Hydrologists and climatologists often use the "Water Year" calendar for tracking water resources. While the definition may vary regionally, a common definition of "water year" is October 1 through September 30th. In the cool months, evaporation rates are very low, snow accumulates in cold regions, storms tend to be widespread, and most areas see accumulation of moisture in the soil. Then comes spring with it's accompanying snow melt and high runoff from mountainous regions and higher latitudes. The summer months bring high evaporation rates. Precipitation (much from thunderstorms) becomes much more localized. Soil moisture may be gradually depleted during summer as vegetation uses large volumes of water. Streams run slower and clearer.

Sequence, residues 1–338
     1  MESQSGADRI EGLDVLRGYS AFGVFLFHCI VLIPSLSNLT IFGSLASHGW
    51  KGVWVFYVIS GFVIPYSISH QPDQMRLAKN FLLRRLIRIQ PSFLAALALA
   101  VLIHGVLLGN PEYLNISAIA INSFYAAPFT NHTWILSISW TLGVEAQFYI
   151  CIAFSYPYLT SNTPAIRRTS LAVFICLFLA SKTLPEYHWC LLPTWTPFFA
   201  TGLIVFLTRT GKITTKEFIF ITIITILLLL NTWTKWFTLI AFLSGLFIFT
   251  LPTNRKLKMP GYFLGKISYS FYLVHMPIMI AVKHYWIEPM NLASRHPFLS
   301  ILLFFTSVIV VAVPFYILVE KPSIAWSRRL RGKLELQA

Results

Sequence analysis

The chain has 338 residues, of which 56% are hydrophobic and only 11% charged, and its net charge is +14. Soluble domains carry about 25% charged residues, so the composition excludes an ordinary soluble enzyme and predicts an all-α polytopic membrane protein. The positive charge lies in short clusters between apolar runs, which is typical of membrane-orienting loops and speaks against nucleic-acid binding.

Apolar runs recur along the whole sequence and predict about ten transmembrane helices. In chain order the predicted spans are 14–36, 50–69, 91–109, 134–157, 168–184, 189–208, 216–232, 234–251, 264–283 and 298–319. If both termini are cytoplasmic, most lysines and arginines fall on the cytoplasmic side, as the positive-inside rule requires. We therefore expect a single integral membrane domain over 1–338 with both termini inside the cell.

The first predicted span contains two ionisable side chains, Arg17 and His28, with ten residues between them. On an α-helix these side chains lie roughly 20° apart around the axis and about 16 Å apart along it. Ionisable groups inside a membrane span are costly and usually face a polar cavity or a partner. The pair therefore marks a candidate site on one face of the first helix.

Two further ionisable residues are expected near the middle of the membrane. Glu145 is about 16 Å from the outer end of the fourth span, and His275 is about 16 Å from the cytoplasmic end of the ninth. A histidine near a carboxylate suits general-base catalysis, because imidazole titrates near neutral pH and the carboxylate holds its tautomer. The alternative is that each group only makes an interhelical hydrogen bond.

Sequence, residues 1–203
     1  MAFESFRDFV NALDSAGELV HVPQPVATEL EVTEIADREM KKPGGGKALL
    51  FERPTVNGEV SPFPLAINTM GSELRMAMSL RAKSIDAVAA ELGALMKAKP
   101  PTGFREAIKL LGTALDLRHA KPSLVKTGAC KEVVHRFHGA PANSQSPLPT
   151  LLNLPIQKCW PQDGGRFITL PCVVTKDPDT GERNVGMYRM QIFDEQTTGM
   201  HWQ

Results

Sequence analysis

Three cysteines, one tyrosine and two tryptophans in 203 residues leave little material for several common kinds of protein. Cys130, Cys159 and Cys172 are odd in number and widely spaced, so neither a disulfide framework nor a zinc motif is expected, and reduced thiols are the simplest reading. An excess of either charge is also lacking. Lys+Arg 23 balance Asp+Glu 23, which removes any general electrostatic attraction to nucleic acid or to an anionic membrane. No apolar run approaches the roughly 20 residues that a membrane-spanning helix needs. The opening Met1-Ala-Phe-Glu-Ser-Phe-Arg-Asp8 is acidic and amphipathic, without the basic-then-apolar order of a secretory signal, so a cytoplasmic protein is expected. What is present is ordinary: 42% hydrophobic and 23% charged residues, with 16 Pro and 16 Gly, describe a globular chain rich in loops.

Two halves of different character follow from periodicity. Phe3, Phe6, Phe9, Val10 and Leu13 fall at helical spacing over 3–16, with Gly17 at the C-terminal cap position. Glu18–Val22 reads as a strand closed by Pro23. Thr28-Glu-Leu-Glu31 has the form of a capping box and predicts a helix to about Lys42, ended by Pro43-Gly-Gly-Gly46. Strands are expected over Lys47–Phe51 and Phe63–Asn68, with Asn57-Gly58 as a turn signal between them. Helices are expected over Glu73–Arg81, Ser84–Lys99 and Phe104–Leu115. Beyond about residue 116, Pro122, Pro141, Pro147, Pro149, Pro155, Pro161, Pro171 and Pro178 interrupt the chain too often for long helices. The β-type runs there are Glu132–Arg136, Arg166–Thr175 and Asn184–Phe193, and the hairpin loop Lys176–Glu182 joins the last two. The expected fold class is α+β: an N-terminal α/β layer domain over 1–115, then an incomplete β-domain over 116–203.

recommends this water year calendar for tabulating precipitation
amounts. If you are a CoCoRaHS observer, you can download the water year summary report for your station(s) from here or the "My Account" link in the top menu.
Don't have Excel?This blog post describes the options listed below:
View Excel files online without Microsoft Excel installed
Google Docs is a free online option that can import Excel files.
OpenOffice is free office software and includes a spreadsheet program that is compatible with Excel.
Please contact us at firstname.lastname@example.org with any questions or suggestions you have about the water year summaries or editing your reports.